(CNN) -- A silver coin found in Maryland after almost 400 years provided a big clue for archaeologists searching for St. Mary's Fort -- one of the earliest English settlements in the New World.
The coin, a silver shilling with a portrait of King Charles I, was created by the royal mint in the Tower of London back in England at around the time the fort was settled in 1634, according to Travis Parno, the director of research and collections at the Historic St. Mary's City museum.
"It didn't exactly have the date printed on it, but it was pretty much the next best thing," Parno said. "It had a maker's mark that was only used in 1633 and 1634, so it might as well have had the date printed on it, to be honest."
Coins were uncommon at the time, Parno said, because people would often pay for goods, services and even land with tobacco, which was becoming wildly popular in Europe.
Parno said one of the original 150 English settlers at the fort most likely carried it to Maryland and then lost it.
Archeologists found the coin in November near a building site where they were working in St. Mary's Fort, which was the first home to English settlers in Maryland.
Parno and his team announced in March that they had located the original fort after years of searching.
Experts with ground-penetrating radar and other tools found the original palisade -- a sturdy fence made of buried logs -- that was built to protect the fort, which was about the size of a football field. There was a bastion at one corner for a canon, Parno said.
The archeologists then dug in the area for several months and found other artifacts that indicate that the site was used in the early 17th century.
"At this point, we've got a confluence of data that says this is without a doubt, the remains of St. Mary's Fort," Parno said. "The coin definitely helped. It was kind of like the cherry on top."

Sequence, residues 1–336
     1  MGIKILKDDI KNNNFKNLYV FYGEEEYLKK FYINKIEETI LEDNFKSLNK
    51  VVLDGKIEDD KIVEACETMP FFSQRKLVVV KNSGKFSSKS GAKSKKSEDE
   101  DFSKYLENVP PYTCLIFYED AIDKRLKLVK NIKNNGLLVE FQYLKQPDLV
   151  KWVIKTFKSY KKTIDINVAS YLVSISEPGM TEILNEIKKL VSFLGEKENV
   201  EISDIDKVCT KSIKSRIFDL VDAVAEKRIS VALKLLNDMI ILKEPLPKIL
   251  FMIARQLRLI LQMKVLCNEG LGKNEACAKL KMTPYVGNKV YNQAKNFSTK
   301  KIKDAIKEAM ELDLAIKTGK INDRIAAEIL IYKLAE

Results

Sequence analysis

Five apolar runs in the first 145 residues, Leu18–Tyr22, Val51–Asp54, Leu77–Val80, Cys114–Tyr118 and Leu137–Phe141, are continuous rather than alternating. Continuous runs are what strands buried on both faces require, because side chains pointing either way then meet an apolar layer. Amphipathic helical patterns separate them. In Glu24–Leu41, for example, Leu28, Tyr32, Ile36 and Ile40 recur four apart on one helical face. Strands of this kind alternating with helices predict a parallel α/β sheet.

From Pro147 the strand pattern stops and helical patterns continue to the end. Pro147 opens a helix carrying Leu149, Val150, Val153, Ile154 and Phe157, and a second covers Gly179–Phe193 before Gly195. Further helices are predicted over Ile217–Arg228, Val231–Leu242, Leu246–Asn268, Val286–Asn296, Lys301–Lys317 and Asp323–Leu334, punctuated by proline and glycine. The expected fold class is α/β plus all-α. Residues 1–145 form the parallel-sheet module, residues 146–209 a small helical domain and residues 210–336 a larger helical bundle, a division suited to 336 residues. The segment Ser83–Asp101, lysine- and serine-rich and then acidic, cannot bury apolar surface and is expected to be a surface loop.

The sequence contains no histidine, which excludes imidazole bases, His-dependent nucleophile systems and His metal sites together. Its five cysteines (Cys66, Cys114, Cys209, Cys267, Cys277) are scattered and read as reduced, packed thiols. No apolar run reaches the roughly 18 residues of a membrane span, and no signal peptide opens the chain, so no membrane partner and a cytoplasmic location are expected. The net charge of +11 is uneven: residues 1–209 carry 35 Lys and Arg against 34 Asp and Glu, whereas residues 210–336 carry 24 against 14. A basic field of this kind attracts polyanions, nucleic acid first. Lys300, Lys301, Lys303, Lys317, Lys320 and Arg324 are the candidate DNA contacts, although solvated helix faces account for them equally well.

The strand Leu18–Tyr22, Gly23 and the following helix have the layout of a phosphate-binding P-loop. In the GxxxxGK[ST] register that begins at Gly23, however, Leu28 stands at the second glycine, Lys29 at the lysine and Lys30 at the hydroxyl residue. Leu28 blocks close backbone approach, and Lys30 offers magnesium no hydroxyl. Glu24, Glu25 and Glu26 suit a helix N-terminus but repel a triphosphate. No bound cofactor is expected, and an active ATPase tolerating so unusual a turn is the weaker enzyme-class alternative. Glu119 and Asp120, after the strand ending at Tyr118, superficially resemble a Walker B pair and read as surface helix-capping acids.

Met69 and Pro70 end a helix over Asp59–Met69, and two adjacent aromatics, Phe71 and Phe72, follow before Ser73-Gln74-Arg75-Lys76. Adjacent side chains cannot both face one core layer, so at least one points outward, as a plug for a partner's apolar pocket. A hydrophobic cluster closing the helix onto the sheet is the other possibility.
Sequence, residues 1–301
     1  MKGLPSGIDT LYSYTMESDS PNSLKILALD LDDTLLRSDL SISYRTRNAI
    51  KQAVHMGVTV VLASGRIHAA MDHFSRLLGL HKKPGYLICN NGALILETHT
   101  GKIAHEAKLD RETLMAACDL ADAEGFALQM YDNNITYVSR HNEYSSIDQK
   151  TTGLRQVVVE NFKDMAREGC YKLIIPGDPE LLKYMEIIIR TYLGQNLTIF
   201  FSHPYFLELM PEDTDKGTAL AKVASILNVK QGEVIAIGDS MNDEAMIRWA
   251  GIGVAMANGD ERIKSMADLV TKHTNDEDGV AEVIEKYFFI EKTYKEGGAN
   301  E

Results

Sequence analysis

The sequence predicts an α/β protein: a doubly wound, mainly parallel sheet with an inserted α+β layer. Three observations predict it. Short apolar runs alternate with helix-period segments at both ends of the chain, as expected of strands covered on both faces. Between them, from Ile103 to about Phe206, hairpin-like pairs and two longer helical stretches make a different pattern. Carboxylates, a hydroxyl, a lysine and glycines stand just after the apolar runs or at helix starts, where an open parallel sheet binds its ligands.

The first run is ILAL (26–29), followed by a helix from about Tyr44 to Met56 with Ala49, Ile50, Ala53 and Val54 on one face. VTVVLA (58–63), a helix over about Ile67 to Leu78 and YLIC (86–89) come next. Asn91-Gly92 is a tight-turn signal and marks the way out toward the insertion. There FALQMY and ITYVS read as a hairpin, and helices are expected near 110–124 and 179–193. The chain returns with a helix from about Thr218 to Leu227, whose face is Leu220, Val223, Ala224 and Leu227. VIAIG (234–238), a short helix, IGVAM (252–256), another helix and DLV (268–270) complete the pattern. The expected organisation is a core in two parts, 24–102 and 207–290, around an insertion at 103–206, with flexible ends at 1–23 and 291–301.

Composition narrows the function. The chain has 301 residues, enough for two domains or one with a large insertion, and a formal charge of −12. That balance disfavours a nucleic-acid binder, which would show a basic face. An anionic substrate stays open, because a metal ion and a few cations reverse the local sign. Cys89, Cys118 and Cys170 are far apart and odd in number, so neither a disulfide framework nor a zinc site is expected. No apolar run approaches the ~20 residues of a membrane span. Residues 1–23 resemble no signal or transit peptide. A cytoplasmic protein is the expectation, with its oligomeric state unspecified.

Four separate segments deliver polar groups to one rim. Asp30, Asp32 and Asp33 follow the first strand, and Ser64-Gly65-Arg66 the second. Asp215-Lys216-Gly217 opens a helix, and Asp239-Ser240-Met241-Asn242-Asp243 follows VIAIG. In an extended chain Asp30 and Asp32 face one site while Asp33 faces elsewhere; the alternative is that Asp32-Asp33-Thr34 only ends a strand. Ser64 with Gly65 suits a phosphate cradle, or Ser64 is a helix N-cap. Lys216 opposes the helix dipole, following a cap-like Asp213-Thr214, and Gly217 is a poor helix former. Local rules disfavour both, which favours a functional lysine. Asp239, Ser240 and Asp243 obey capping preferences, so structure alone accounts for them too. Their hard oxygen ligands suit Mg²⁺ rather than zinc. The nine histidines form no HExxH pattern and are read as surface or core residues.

St. Mary's City was Maryland's first capital city and is about 70 miles south of Annapolis on the St. Mary's River.
It was the fourth English colony in the United States after Jamestown, which was founded in 1607, Plymouth in 1620 and Massachusetts Bay in 1630, according to the museum's website.
Archaeologists are still working to excavate part of the fort and Parno said that work will continue for the foreseeable future.
The site is open to the public.
Historic Saint Mary's City is also working with members of the Piscataway community and other groups on the People to People Project, which will tell the story of the interaction between the English colonists and the Native people who lived in the area.
Parno said that there are two Native sites near the fort -- one is about 2,000 years old and the other dates back about 5,000 years.
"Our goals are to treat all three of these sites, that are all kind of right next to each other, as the subject of our study, to trace the entire history of human occupation in this part of Maryland, back thousands of years," Parno said.
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